Multiple Sclerosis typically strikes the nerves in the brain and spinal column first and foremost. Whenever something affects the spinal cord, it usually causes symptoms elsewhere in the body as well. Because the spinal cord is the body’s “message center,” patients notice numbness when the body isn’t receiving signals from the brain. Tingling and numbness may be felt in areas such as the face, arms, legs, and upper extremities like the fingers. biogenoptions describes it as an “electrical shock-like feeling when you move your head or neck. It may travel down your spine or into your arms or legs.”

Multiple sclerosis specialists also point out that it’s not a symptom all patients experience. It’s more likely to happen in those who have lesions on their brains from the loss of myelin. Anyone who is diagnosed with Multiple Sclerosis will receive an MRI to check for lesions on the brain.

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Decrease in Cognitive Function

The Cognitive impairment will affect about 50-percent of Multiple Sclerosis patients, with patients suffering from issues like memory loss, disorganization, inability to focus, and severely reduced attention spans. WebMD writes, “it might be hard to focus from time to time.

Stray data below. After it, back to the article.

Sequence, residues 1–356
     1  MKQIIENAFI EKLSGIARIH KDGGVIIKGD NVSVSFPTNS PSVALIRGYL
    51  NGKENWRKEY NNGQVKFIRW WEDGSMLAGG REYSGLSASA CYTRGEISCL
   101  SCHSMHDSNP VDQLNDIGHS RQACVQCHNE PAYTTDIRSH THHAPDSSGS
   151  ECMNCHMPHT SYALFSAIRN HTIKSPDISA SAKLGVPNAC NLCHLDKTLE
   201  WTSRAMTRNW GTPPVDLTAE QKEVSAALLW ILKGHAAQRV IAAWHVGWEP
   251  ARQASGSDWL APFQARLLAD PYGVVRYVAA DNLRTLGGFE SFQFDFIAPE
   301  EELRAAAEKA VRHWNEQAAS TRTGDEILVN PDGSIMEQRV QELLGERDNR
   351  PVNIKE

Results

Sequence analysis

This will probably mean slowed thinking, poor attention, or fuzzy memory. Some people have severe problems that make it hard to do daily tasks, but that’s rare.”.

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Vision Issues

Another early warning sign and one of the most common symptoms of Multiple Sclerosis is blurred vision. This is due to the fact that the disease can cause inflammation in the optic nerve (a condition called optic neuritis), resulting in deteriorating vision issues—such as blurred vision or pain, double vision, color blindness, or loss of contrast in 1 or both eyes. According to biogenoptions, vision issues are a result of what’s called clinically isolated syndrome (CIS), which is later diagnosed as MS. “It happens when your immune system mistakenly tells your body to attack myelin, the protective sheath over nerve cells in your brain and spine.”

Multiple sclerosis specialist notes that these vision problems might not occur right away, but rather they’ll happen slowly over time. Patients might also notice pain when they look in a certain direction.

Muscle Spasms